Prayer & Spiritual Disciplines
Prayers & Acts of Intention: When we mentally assent to prayers, and meditate with a focus in mind.
Prayers & Acts of Attention: When we let go of mental and emotional biases and simply seek to be present in the moment with God. This is part of the contemplative tradition.
Centering Prayer is from the Contemplative Tradition and considers prayer to be a pure gift from God. It is the opening of mind and heart – our whole being – to God, the Ultimate Mystery, beyond thoughts, words and emotions.
- For Children: The method is taught to individuals and is for adults and children. For information about this method with children, please contact Rev. Andrea Andress.
- For Adults: Read the Centering Prayer brochure from Snowmass Monastery (PDF).
Group Spiritual Direction
Persons meet for prayer once a month for one-two hours over a set number of months. The process combines silence, sharing of a personal concern or direction for your life and intercessory prayer for one another. The focus is on listening for God’s voice within you and through the community.
Lectio Divina (Praying with Scripture)
A selected scripture is read several times as people are given time to prayerfully consider the impact of the scripture on their lives for this day. Sessions last 20-60 minutes depending on the size of the group.
4th Day Groups (Walk to Emmaus)
Small groups in which individuals are accountable to one another for their spiritual journey. As participants conclude their Walk to Emmaus weekends, they are introduced to the concept of the Fourth Day — a symbol of the days of Christian pilgrimage. The Walk to Emmaus is a unique opportunity to reflect on one’s faith journey and make a deeper commitment to Christ. In fact, “the whole reason for The Walk to Emmaus is to make you a more faithful disciple and active member in your church.” (Bob Wood, Day Four) Thus, the Fourth Day is central to the Emmaus experience, as it extends each individual’s experience beyond the weekend and into life in the world.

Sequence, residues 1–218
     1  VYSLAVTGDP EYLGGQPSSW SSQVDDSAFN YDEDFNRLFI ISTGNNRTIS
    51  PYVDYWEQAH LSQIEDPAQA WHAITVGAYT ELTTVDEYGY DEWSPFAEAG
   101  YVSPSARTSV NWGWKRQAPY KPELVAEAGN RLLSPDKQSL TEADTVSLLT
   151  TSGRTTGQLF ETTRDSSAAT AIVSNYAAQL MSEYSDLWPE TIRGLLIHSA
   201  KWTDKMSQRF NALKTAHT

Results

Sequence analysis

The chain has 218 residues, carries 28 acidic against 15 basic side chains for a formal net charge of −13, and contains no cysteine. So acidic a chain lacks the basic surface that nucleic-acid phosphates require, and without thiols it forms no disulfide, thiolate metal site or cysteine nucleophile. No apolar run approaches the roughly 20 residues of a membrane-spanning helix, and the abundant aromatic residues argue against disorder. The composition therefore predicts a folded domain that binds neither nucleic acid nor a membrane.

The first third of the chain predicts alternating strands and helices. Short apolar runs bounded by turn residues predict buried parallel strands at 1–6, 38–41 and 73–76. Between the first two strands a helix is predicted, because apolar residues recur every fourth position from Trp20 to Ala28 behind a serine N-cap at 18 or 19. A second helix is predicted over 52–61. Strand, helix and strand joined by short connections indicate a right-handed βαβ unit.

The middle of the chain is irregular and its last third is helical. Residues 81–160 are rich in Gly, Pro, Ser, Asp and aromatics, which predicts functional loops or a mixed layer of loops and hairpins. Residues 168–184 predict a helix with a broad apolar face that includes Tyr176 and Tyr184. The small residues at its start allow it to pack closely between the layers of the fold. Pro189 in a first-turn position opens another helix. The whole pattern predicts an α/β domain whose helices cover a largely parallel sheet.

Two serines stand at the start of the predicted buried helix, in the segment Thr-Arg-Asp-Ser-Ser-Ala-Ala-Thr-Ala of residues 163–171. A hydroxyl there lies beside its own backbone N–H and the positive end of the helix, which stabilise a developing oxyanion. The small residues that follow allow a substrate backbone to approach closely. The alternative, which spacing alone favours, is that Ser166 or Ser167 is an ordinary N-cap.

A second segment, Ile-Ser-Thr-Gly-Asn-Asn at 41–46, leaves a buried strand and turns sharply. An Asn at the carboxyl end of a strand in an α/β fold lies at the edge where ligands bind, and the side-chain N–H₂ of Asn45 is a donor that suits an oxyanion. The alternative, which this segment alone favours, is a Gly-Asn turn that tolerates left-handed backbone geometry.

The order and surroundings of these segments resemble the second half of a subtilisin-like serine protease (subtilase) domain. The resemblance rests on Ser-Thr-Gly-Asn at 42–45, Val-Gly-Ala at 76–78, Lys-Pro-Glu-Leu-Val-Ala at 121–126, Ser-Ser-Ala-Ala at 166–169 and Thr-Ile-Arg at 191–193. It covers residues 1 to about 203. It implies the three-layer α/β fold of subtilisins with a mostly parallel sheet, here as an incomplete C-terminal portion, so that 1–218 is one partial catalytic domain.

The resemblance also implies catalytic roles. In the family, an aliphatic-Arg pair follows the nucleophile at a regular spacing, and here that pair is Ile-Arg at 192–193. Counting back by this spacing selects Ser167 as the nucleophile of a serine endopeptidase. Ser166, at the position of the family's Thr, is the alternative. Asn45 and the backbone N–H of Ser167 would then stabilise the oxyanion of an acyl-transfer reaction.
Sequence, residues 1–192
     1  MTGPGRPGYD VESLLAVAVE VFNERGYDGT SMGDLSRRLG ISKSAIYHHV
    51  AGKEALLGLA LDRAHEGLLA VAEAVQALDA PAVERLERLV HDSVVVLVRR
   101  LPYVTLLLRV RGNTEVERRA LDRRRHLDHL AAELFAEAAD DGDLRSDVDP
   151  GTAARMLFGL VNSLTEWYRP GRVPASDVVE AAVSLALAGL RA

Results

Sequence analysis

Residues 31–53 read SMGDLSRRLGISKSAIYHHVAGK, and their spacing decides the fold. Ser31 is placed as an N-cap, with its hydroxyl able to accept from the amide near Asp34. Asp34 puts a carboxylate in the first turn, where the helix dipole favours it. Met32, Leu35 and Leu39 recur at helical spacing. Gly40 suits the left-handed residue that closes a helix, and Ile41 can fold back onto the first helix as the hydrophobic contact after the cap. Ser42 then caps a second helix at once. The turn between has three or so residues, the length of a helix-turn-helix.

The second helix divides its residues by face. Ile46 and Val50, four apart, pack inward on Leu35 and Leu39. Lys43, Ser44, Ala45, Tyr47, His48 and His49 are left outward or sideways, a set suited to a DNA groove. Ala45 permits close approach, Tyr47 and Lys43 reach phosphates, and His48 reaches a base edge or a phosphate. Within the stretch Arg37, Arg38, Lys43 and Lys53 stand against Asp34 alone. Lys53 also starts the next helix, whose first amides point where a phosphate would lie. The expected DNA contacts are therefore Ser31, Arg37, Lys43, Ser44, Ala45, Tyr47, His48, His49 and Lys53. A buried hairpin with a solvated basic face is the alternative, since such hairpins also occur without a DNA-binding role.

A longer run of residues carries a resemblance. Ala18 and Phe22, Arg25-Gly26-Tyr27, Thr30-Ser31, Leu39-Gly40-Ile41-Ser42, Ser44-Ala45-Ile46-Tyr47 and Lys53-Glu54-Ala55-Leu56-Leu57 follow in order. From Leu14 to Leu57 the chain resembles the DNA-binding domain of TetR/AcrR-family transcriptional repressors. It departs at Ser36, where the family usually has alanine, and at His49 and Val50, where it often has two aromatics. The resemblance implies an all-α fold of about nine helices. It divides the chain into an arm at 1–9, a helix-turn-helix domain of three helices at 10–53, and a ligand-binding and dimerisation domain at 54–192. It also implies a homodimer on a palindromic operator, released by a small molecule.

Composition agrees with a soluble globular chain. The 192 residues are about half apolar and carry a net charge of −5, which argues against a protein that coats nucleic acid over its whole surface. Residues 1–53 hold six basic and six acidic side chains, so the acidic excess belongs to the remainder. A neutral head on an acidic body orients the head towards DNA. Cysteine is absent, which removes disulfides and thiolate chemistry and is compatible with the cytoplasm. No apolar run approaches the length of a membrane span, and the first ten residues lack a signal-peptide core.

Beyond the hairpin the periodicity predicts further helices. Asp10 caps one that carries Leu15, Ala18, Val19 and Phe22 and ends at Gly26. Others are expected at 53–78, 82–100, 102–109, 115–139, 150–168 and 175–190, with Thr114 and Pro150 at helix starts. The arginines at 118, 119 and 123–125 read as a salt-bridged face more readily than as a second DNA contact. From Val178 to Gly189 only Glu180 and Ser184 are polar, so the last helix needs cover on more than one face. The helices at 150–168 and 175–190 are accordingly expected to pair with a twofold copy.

In living their Fourth Days, participants are encouraged to continue to grow in relationship with Christ and live as faithful disciples in all of life. An important and necessary foundation for faithful Christian living is a vital connection to the Christian community for support, guidance, and challenge. This is most available through local church communities, reunion groups, and the Emmaus/Chrysalis Celebrations. Another way to be connected to the support of the Christian community is through studying the writings of our brothers and sisters in Christ.
There are many types, but the main focus is their commitment to God and one another and spiritual growth. Participants hold one another accountable and share their lives together in weekly meetings. Each group develops its own covenants or rules and content. Please talk with a pastor about creating or joining a group.